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3 Baruch

First to Third Century A.D.

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Leonhard Rost writes: "Baruch, alongside the Kidron, laments the destruction of Jerusalem by Nebuchadnezzar. He is comforted by an angel, who promises to show him the secrets of God. The angel thereupon conducts Baruch through five heavens, telling him the dimensions of each and pointing out and explaining their inhabitants. These include (in the third heaven) the sun chariot, accompanied by the phoenix that captures the rays of the sun with its wings, and (in the fifth heaven) the archangel Michael, who bears the works of the righteous into the presence of God. Then the angel accompanies Baruch back to earth. There is no trace of eschatological exaggeration or messianic expectation in the book." (Judaism Outside the Hebrew Canon, pp. 116-117)

James Charlesworth writes: "Except for the existence of two Slavonic versions (see J.-C. Picard, no. 659, pp. 69-71), 3 Baruch is extant in only two Greek manuscripts that have been edited recently by J.-C. Picard (no. 659). English translations were published from the Slavonic by W. R. Morfill (Apocrpyha Anecdota II, ed. M. R. James [T&S 5.1] Cambridge: CUP, 1987. Pp. 95-102) and from the Slavonic and Greek by H. M. Hughes (APOT 2. Pp. 533-41). The pseudepigraphon was composed in the beginning of the second century A.D., but it is difficult to discover whether it was written in Greek, Hebrew, or Aramaic." (The Pseudepigrapha and Modern Research, p. 86)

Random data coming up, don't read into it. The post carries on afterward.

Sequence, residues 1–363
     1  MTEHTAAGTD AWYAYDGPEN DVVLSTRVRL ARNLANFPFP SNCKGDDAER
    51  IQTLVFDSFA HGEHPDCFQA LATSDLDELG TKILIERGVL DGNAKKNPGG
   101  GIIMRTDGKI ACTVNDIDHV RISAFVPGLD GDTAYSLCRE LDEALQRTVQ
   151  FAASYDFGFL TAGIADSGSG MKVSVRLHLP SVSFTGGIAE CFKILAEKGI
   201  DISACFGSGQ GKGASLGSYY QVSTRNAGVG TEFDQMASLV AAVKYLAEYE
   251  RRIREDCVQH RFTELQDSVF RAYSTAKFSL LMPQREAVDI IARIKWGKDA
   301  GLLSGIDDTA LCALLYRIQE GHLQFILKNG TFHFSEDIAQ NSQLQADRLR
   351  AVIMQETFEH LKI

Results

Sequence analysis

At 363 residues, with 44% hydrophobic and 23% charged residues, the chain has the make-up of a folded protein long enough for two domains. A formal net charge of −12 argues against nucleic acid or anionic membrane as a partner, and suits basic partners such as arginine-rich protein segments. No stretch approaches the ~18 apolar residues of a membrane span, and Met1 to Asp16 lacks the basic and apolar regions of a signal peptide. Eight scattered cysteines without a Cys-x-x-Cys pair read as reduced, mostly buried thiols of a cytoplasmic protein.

Leonhard Rost writes: "We can hardly be dealing with the work in its original form. In the first place, 4:9-15 is undoubtedly a Christian interpolation intended to annul the curse on the grape as a plant secretly planted by Satan in Paradise by referring to the significance of wine as an element of the Eucharist. In the second place, the original conclusion is missing. If the passage from Origen cited above does indeed refer to this Apocaylpse [De principiis ii. 3. 6], it spoke originally of seven heavens; whereas now it mentions only five. Elaboration of the passage about Michael as the mediator of the good deeds performed by the devout probably accounts for the change in ending. A similar passage occurs in the Apocalypse of Paul—whether this latter Apocalypse or an antecedent tradition was borrowed by the Apocalypse of Baruch cannot be determined." (Judaism Outside the Hebrew Canon, p. 117)

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